General Brown:  Well, it’s not just PACAF.  If the PRC were to claim an ADIZ in the South China Sea, it impacts all of the nations that are – and it actually goes against – as I said earlier, a free and open Indo-Pacific is to fly, sail, and operate wherever international law allows.  And this kind of impinges upon some of the international airspace, and it impacts not just the PACAF, but all of the nations in the region.  And so, it’s important for us to pay attention to something like this.  This is probably – it really goes against the rules-based international order, and that’s concerning not only for PACAF and the United States, but I would say many of the nations in the region.

Moderator:  Thank you, General.  Next if we could go to Mike Yeo, Mike Yeo from Defense News in Melbourne, Australia.  Mike, please go ahead.

Question:  Yes, hi.  Good morning, General.  Given issues with the KC-46 Tanker development and the impending requirement of some of the USAF’s KC-10s and even KC-135 tankers, does the U.S. – will the U.S. Air Force have enough tankers to support its missions in the Pacific, given the long distances involved, and if not, what are some of the options that the USAF is looking at for – with regard to tanker availability?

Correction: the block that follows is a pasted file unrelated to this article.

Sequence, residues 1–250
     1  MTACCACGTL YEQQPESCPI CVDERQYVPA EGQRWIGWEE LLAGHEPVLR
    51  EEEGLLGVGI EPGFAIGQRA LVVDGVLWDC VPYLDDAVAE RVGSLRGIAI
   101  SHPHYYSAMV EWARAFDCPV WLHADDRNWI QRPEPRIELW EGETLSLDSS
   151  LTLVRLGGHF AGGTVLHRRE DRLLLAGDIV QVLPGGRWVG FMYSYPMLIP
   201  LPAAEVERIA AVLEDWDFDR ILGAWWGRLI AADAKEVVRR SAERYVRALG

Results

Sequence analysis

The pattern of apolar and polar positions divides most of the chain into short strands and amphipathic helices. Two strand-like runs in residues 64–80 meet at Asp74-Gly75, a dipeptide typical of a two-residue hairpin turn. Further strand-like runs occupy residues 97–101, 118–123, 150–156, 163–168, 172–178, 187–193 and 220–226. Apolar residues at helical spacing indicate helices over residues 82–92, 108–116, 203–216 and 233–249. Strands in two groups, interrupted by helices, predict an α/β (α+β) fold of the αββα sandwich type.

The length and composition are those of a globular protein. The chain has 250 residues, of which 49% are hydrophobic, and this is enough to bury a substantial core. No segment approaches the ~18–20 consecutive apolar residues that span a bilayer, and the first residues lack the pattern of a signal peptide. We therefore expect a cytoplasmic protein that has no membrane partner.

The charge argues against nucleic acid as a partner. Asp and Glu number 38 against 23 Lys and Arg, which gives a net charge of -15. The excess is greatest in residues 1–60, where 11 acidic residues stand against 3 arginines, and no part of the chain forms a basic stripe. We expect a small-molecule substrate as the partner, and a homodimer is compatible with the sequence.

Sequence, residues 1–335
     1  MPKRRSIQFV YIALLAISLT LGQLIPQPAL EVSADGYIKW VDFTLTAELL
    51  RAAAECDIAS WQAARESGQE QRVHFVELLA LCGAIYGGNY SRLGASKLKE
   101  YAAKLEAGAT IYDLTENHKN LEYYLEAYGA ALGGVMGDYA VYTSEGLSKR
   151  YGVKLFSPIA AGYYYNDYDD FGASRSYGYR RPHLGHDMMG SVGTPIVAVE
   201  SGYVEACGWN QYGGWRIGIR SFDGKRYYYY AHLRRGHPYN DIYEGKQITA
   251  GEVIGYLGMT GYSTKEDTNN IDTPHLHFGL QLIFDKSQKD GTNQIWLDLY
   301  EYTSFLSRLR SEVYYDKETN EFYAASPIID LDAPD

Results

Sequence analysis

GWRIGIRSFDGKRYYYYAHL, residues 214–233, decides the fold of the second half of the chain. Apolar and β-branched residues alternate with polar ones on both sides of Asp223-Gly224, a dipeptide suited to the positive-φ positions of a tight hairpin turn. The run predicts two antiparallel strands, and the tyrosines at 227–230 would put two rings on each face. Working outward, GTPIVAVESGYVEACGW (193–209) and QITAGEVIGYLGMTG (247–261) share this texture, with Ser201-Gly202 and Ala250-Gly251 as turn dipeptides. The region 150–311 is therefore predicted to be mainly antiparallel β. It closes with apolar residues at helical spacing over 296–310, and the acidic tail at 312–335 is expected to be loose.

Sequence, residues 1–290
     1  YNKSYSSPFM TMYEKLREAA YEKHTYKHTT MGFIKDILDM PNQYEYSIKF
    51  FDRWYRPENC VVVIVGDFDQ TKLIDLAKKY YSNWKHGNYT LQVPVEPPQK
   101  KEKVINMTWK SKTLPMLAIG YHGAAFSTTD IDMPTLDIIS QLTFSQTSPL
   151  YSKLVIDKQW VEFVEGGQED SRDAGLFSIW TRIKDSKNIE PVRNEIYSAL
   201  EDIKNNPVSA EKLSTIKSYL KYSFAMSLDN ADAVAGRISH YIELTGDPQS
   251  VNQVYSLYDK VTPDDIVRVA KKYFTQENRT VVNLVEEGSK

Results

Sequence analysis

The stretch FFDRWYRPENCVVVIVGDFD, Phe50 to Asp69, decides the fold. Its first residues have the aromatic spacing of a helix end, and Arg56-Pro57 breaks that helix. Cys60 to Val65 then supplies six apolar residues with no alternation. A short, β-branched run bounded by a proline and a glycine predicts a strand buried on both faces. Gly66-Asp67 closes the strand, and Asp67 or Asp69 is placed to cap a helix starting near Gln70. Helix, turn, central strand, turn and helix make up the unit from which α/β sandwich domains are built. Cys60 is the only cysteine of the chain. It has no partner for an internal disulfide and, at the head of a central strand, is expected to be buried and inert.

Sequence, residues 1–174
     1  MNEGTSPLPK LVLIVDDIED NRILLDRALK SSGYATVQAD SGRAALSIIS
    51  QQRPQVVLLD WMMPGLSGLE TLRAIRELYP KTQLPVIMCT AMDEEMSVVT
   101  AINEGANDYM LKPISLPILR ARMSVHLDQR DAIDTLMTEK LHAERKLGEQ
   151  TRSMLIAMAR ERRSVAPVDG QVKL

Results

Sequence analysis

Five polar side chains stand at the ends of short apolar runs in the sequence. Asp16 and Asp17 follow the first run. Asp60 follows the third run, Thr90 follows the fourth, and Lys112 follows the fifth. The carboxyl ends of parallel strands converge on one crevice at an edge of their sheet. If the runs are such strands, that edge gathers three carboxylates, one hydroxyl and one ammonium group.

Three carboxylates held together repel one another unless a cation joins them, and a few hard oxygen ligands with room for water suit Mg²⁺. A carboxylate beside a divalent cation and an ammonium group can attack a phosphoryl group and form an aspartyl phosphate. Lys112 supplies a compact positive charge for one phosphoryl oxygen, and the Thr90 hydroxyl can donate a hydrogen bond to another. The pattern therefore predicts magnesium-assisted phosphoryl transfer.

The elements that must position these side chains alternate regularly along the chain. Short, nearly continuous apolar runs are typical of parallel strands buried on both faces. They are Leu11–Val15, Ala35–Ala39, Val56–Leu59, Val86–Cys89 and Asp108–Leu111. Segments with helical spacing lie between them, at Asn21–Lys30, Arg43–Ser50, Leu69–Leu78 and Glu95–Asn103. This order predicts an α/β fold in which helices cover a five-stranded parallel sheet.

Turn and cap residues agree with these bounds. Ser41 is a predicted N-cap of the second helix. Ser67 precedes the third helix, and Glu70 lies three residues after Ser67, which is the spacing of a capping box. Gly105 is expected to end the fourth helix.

General Brown:  Mike, thanks.  Based on the analysis that’s been done, we have enough tankers.  And as you look at the KC-46, the KC-46 is coming on to replace some of our older and aging tankers that are more expensive to operate.  The KC-10 is pretty expensive to operate, and part of what the Air Force is proposing is retiring some of those as we bring in the KC-46.  And so, our retirement timeline marries up with, as we bring in the KC-46, realizing there are a couple of problems, but I think we are actually – in my conversations with headquarters of the Air Force, we are actually in a much better spot with Boeing as we move forward, and have the right approach now to correct some of the deficiencies to get that capability out into the hands of our warfighters.

Question:  All right, thank you.

Moderator:  Thank you, General.  Next if we could go to Adlinna Abdul Alim from Asian Defense Journal in Malaysia.  Adlinna, please go ahead.